Finally, we got the call that O was OK. He didn’t have leukemia. He was battling some kind of bacterial infection in his stomach that made his lymph nodes swell. I can’t even begin to express the relief I felt. I truly couldn’t see myself living in a world without him, and to think of such a talented, sensitive, genuine boy to not have his whole life ahead of him was too much to bear. Going through something like this with your kid makes you realize the gift they are. How they are so much a part of you that you can’t really see them any other way but connected to you. How they are so inextricably tied to your heart that they have become the biggest piece of it. No matter how much I knew I was blessed with O before this, I’ve never forgotten how incredibly lucky I am to have O in my life. Truly.
Now, my best day? Easy. Y’all know I had a breakdown around 2 and a half years ago, and I hit rock bottom. We don’t need to yack about all that contributed to this, but it was a combination of so many things that I simply couldn’t handle my life anymore. I have to admit something horrible though: prior to this, I really didn’t think ‘nervous breakdowns’ happened. I thought that was a histrionic term for “I can’t handle things anymore so I’m labeling it as such.” What a stupid asshole I was.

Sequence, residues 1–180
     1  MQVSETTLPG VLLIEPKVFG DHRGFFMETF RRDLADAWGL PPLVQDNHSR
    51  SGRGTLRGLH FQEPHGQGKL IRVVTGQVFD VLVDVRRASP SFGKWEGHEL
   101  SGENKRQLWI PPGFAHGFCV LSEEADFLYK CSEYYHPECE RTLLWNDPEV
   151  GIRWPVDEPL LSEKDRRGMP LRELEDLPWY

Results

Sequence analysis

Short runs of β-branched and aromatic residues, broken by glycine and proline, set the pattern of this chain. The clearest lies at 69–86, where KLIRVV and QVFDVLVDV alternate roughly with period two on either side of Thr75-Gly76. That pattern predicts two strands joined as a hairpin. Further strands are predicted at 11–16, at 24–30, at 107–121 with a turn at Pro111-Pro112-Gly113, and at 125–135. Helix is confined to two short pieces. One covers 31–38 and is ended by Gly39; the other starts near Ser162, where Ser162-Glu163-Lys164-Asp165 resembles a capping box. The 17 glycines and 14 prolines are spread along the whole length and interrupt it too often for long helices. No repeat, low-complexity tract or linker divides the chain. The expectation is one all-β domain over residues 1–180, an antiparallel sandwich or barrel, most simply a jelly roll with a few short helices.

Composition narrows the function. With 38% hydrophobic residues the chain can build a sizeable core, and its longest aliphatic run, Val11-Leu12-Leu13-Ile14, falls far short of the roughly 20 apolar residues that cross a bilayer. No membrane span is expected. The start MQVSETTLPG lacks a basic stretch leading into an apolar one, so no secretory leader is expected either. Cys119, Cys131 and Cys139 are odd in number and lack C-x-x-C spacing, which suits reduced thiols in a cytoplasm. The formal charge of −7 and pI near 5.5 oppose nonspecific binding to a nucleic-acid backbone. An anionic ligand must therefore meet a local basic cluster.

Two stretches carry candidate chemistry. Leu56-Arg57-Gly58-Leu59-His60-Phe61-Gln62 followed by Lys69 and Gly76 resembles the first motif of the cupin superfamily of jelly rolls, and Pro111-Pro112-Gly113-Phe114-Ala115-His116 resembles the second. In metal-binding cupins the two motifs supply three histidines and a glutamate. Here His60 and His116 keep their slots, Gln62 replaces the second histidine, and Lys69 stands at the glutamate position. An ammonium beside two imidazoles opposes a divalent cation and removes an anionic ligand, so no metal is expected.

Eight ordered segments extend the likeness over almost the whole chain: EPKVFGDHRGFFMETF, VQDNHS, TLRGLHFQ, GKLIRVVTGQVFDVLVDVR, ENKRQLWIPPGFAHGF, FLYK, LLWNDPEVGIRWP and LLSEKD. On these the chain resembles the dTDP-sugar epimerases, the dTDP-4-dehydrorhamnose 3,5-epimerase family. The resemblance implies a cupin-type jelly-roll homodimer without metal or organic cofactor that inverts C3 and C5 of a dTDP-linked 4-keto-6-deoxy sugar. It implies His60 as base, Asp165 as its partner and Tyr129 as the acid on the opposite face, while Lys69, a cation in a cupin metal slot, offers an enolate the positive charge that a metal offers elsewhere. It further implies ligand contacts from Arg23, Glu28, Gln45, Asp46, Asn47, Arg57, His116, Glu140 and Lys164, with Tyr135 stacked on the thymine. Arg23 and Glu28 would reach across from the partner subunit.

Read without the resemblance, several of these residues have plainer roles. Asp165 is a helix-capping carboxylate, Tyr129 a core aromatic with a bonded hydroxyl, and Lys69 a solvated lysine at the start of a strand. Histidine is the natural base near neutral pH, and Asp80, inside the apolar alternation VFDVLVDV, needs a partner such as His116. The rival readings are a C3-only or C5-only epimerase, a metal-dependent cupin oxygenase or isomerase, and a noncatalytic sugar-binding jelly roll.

The break was a few weeks coming as situations kept piling up. And then POW; I found myself broken with absolutely no ability to care for myself. I would cry for hours at a stretch and was incapable of eating, showering, dressing, or doing anything in terms of self-care. Just getting out of bed was a major feat, and the cry of my dogs needing to pee is the only reason why I had too. I couldn’t think straight at all…it’s like my mind got so jumbled up nothing made sense. I’d hear my doctor, my counselor and my mom talking, but I was in a dark tunnel where their ‘words’ registered, but not their ‘meaning.’ I was living alone and getting through an hour by myself was hell. This is when I started cutting, badly, and also when I attempted suicide. I truly didn’t want to live (which is so hard to recall now) and I kept sobbing to my mom that all I wanted was to be with Grandma and Grandpa in heaven. And I meant it. It wasn’t a metaphor, it was a truth.